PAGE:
One thing I do know is that my life has been messed around enough by melancholy to ensure that there are depths of empathy inside me. I suspect Zack Eswine is the same. There is a knowingness about the way he writes Spurgeon's Sorrows (Christian Focus, 2014). He has been there too. He seems to have set himself the task of reading every sermon preached by Charles Spurgeon, the greatest preacher of the Victorian era, accumulating everything he ever says about depression and engaging with it.
In passing, Spurgeon's own battle with depression is sourced to an experience as a pastor of just 22 years of age. He was preaching to a congregation of 10,000 at the Music Hall in Royal Surrey Gardens in London when some idiot yelled, 'Fire!' - and in the panic which ensued seven people died and many more were injured. Spurgeon never recovered from this experience. It haunted him and softened him through until his death, 36 years later - and his sermons are touched by this experience, often with a surprising transparency.
There is so much to like about Eswine's book. It is short (143 pages). It is practical. Every single chapter is laced with wisdom for both 'sufferer' and 'caregiver' - for example, 'Helps that Harm' (75-83); 'Suicide and Choosing Life' (119-132). It is tender, nowhere more so than in the final chapter - 'The Benefits of Sorrow' (133-143) - and the way he writes about 'Charles', rather than 'Spurgeon'. And, in a field like counseling, where I do not always have confidence in the theological foundations underpinning the perspectives being advocated, it is good theology - like here: 'even hope demolished can become hope rebuilt, if it is realistic and rooted, not just in the cross and the empty tomb but also in the garden and the sweat-like blood' (131).
The role of metaphor and of 'a larger story' are two features which stand out for me.
1. In a world where words can be of little value, I was a little surprised by the focus on words. For example, in 'A Language for our Sorrows' (67-74), Eswine writes of the value of 'leaning on metaphors' - word-pictures, essentially. 'Poetry from God for our sorrows' (73). Spurgeon used them so much in reference to depression: 'traversing the howling desert - enduring winters, or a foggy day - caught in a hurricane - crushed, trodden in the winepress' (68-69). He reached for metaphor so often. So did the Psalmist. For Eswine, 'metaphor can handle mystery ... metaphor leaves room ... metaphor allows for nuance ... metaphor requires further exploration' (71-72). Sufferers need 'to search for metaphors to describe their experience ... and (caregivers) need to learn patience and appreciation for metaphor' (73).
Sometimes those of us who suffer depression feel the sting of the irony - the inability to find empathy and comfort from the very people who read the Bible every day but do not recognise the gift of metaphor for the sorrowing within its pages (72-73).2. Spurgeon recognised that any current melancholy is a chapter in a bigger book, a season in a fuller year, and a midnight with a following dawn. It is this larger story that brings hope in the midst of the heavier story. Nevertheless, 'our salvation messages will prove inadequate if they do not meaningfully account for the large portions of reality that cause screaming in the world; particularly with depression' (78). Quoting William James, Eswine writes of this 'remoter scheme' (79), or larger story, or metanarrative:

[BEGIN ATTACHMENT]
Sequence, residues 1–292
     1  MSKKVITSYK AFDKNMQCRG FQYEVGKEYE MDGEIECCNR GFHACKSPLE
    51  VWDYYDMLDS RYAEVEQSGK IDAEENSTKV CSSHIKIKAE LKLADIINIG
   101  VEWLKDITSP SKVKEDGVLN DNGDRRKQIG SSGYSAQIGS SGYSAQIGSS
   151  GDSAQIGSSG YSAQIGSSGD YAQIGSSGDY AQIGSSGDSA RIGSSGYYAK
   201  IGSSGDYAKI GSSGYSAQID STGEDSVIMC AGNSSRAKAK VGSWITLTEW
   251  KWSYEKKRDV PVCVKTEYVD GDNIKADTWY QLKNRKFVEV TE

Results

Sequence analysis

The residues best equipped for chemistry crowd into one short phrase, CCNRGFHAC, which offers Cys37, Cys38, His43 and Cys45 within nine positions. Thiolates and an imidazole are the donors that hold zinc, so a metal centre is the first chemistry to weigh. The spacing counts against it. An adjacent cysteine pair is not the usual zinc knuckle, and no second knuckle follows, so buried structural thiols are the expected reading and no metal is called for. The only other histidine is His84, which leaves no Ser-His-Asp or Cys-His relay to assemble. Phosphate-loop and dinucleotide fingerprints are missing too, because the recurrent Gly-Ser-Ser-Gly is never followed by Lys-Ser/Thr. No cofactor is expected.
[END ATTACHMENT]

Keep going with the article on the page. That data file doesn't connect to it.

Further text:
A larger story about God exists that possesses within it a language of sorrows so that the gloomy, the anguished, the dark-pathed, and the inhabitants of deep night are given voice. Such a god-story is neither cruel nor trite. Such a story begins to reveal the sympathy of God (74).And again, later, in what is something of a summary of the book:
We think of the Bible as a violent book, of God as angry, and god-talkers as sloganeers. But Charles saw in the Bible a language for the sorrowing, an advocacy to disrupt helpers who harm, and a man of sorrows sent from God out of love for the wailing world so that those who sat in darkness could finally feel the home they were made for and enjoy the sun again. This remoter scheme or larger story becomes the means by which Charles daily reckoned with the proximity of his despair. God had offered a reason for hope that matched the intensity of our reasons for despondency (90).
One more word on tenderness. It is there in quotation after quotation, word picture after word picture. It makes for a beautiful reading that touches the affections. Be it Spurgeon: 'The mind can descend far lower than the body, for in it there are bottomless pits' (25); depression is 'a kind of mental arthritis' (61) - or, Eswine himself: 'Depression is a darkness that drapes over us wherever we go' (35); 'God's promises are a sort of lighthouse reaching out into our night seas' (94); and 'Laughter gave our tears room to breathe' (106).
Two more pieces of wisdom. One quoting Andrew Solomon: 'Grief is depression in proportion to circumstance ... depression is grief out of proportion to circumstance' (quoted on page 29). Isn't that a great discussion starter?
Then, if Spurgeon, Eswine and Solomon don't grab you, what about my grandson, Micah - barely three years of age? He loves strumming his guitar and drumming anything that can be arrayed in front of him (with his parents, over time, wising up to the need for these things to be noiseless). He has latched onto a lyric from a song played in the home. So with either guitar in hand, or pounding away on shoes, plants, boxes, or cushions - he blurts out the line: 'joy comes in the morning'.
PS. Both this book and A Nervous Splendor were recommended to me by my friend, Mark Meynell. Mark's blog occupies a different stratosphere to this one. More recently he has focused on writing books, with A Wilderness of Mirrors: Trusting Again in a Cynical World, officially released later this week.